2016



The Limits, Dilemmas and Challenges of European Security in Uncertain Times

Autor: PhDr. Miloš Balabán, Ph.D.

CEJISS, 2016: Volume 10 / Issue 1


The article assesses the current state of European security, and its future, against the backdrop of several key processes: the rising political and economic power of non-western actors; economic problems in America and Europe; and the dynamic of changing security environment and threats, especially in Europe’s backyard. It also analyses the consequences of the long-term decline in EU members’ defence spending, which undermines Europe’s military capabilities and makes the continent ever more dependent on American military power. It goes on to ask to what extent the Ukrainian conflict and Russia’s involvement in it may change the approach of NATO’s European members to collective defence. According to some polls, we can see – despite conclusions reached at NATO’s Welsh summit in September 2014 – different levels of support for NATO in member states, which highlight current tensions and suggest possible future difficulties for the coalition. Nevertheless, this work concludes that given the strength of the existing political, economic and security ties between Europe and the United States, including the current prospect of a transatlantic free trade zone, it is very likely that the two partners will increasingly divide security responsibilities. However, this supposed trend toward a conscious complementarity of roles cannot, at present, fully manifest itself, as the conflicts in Europe's neighbourhood (North and sub-Saharan Africa, the Sahel, the Middle East) tend both to flare up suddenly and escalate quickly, forcing both actors to adopt improvised, ad hoc solutions.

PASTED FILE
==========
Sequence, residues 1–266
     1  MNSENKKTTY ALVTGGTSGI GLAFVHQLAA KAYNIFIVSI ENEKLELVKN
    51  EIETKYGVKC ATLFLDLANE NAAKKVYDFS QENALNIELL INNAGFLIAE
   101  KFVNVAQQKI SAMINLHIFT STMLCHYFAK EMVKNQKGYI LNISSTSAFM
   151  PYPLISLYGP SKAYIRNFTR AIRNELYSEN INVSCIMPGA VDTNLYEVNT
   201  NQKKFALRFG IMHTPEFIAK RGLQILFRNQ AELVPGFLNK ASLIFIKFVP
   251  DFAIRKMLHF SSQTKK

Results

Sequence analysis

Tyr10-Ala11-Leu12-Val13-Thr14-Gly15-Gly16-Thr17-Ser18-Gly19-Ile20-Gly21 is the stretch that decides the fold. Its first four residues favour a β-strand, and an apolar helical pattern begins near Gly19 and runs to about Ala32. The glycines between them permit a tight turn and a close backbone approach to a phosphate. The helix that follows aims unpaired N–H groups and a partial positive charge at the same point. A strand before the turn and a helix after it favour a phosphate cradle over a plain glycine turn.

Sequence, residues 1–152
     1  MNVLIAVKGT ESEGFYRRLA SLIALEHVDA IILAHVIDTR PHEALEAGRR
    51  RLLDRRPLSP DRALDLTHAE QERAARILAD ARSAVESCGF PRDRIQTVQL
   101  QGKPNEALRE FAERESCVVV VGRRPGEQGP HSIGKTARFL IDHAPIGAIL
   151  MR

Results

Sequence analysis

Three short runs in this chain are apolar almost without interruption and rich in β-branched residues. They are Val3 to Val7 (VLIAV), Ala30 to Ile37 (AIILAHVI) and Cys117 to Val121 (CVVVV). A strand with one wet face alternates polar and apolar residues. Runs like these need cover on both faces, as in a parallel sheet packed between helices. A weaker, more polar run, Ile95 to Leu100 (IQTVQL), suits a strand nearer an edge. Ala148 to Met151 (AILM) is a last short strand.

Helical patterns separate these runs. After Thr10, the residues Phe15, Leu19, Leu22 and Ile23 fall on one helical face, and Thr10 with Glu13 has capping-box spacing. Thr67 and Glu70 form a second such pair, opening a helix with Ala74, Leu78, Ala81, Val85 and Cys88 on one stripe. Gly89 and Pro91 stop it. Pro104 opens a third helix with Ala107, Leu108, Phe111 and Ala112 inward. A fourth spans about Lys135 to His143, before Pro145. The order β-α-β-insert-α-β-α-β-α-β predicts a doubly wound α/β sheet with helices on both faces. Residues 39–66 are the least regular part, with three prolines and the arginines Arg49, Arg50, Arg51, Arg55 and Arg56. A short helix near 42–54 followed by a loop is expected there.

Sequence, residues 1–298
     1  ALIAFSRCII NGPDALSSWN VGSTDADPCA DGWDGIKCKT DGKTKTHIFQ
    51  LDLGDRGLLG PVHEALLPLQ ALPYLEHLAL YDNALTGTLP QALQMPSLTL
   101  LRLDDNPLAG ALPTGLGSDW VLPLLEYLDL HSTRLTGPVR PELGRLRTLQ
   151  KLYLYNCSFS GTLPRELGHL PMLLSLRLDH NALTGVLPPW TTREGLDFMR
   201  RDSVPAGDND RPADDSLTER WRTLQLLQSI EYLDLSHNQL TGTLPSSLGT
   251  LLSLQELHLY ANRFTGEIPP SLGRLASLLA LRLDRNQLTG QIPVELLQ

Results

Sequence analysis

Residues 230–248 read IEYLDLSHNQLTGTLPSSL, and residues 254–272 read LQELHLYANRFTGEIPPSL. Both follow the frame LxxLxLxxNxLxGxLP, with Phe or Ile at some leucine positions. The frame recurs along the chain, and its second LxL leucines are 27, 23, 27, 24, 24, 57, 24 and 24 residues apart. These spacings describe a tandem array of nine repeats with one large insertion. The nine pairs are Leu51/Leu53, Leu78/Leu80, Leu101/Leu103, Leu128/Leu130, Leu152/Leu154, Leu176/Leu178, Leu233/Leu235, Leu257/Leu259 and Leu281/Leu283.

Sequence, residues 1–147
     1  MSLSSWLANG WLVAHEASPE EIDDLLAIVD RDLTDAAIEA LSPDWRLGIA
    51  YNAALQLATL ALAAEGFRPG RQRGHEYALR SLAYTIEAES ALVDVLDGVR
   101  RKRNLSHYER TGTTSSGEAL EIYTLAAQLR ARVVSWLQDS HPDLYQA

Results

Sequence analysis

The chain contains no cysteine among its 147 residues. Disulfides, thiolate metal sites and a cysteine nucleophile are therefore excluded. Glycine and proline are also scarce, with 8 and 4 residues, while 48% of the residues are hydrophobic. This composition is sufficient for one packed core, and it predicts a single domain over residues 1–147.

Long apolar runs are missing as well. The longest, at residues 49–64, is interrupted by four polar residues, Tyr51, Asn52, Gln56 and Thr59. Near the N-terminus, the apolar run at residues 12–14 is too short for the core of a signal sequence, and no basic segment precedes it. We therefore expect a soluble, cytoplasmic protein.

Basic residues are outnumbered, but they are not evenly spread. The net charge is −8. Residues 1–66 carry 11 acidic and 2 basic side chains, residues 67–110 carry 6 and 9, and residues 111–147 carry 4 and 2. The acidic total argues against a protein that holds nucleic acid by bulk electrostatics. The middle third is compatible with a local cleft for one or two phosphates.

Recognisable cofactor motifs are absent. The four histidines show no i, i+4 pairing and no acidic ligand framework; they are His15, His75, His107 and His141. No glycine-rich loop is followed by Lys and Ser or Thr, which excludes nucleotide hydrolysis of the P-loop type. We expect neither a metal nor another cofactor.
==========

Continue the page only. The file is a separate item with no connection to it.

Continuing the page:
2016




The Limits, Dilemmas and Challenges of European Security in Uncertain Times

Autor: PhDr. Miloš Balabán, Ph.D.

CEJISS, 2016: Volume 10 / Issue 1


The article assesses the current state of European security, and its future, against the backdrop of several key processes: the rising political and economic power of non-western actors; economic problems in America and Europe; and the dynamic of changing security environment and threats, especially in Europe’s backyard. It also analyses the consequences of the long-term decline in EU members’ defence spending, which undermines Europe’s military capabilities and makes the continent ever more dependent on American military power. It goes on to ask to what extent the Ukrainian conflict and Russia’s involvement in it may change the approach of NATO’s European members to collective defence. According to some polls, we can see – despite conclusions reached at NATO’s Welsh summit in September 2014 – different levels of support for NATO in member states, which highlight current tensions and suggest possible future difficulties for the coalition. Nevertheless, this work concludes that given the strength of the existing political, economic and security ties between Europe and the United States, including the current prospect of a transatlantic free trade zone, it is very likely that the two partners will increasingly divide security responsibilities. However, this supposed trend toward a conscious complementarity of roles cannot, at present, fully manifest itself, as the conflicts in Europe's neighbourhood (North and sub-Saharan Africa, the Sahel, the Middle East) tend both to flare up suddenly and escalate quickly, forcing both actors to adopt improvised, ad hoc solutions.